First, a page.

In the end, I decided that monsters (most of them, at least) can’t be controlled by the players, but instead are “Wandering Monsters” with a simple three-step AI system. Generally, they’re encountered in specific scenarios (although in the demo game we played at Wargames Illustrated HQ, we had a Minotaur “spawning” from an objective. Hilarity ensued).

Monsters are really, really tough, and pretty quick to boot. There was always a risk that they could become a marginal part of the game – with players running around trying to claim objectives and kill each other, monsters needed to be able to catch up with the flow of play so as not to become sidelined. Thankfully, due to the modest proportions of the average gaming area, the speed of the monsters, and the fact that they activate before the players’ models, this is rarely the case. Players generally find that they have to deal with the monsters before they get eaten, which is easier said than done!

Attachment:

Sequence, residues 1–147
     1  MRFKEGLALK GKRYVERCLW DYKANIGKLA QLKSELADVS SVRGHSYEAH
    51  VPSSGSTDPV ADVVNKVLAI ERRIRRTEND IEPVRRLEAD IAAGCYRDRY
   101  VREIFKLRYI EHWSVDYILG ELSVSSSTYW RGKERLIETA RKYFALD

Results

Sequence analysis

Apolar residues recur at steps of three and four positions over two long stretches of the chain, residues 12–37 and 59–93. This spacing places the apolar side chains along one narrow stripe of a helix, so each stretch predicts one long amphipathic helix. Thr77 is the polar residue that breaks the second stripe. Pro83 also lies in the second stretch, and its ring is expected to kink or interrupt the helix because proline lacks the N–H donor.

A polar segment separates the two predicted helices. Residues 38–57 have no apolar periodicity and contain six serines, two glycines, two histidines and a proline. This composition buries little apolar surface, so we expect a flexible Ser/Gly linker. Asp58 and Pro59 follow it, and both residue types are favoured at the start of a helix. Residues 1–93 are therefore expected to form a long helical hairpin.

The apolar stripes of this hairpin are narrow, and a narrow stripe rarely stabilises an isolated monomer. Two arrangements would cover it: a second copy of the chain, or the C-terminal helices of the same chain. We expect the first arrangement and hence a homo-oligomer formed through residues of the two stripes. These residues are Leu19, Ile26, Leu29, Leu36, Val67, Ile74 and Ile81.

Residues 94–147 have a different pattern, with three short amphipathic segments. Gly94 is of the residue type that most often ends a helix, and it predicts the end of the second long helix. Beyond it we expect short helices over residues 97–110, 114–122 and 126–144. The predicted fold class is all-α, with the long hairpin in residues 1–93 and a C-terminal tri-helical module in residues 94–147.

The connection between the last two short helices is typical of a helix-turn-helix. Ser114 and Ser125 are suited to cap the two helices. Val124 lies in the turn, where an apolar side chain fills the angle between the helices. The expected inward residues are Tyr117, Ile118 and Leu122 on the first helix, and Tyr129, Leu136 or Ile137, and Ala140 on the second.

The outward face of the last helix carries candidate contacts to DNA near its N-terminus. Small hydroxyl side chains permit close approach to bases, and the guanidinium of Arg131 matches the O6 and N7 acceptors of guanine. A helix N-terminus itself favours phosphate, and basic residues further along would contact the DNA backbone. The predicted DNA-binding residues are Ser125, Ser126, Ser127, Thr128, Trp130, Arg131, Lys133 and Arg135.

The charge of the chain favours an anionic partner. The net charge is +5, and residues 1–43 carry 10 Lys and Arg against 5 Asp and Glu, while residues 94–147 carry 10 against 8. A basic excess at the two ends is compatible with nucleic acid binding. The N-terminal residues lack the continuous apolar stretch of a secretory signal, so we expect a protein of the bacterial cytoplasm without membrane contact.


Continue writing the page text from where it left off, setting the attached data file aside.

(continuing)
When I was designing the warbands, I wanted to make sure that there were plenty of options to suit not just a gamer’s preferred style of play, but also the hobbyist’s preferred type of model. The faction present in the game cater for a variety of aesthetics. There are three flavours of Roman (vanilla, gladiator surprise and, erm, priesty ripple), Barbarians (all of which draw from a single list, but that’s something I’d like to expand on later), Egyptians, Argonauts (obviously), Parthians, and Dacians. Each of these warbands has been given a fantasy twist based on the setting. For example, the Barbarians get Wulfkind (werewolves); the Egyptians get Eternal Warriors (mummies); Dacians get Ghouls and Strigoi, and so on. If you want to play the game as a straight historical skirmish, you don’t have to include these elements at all. If you want to play only mythological battles, you can go heavy on those elements. Likewise, depending on the warband you choose, you could go heavy on ranged weapons, or cavalry, or chariots. You could take lots of cheap troops, or a few elite troops. You can tool up your basic warriors with all the wargear under the sun. You can purchase extra miracles for your priests to dominate the foe through magical means. The lists are flexible enough to cater for pretty much any style of play.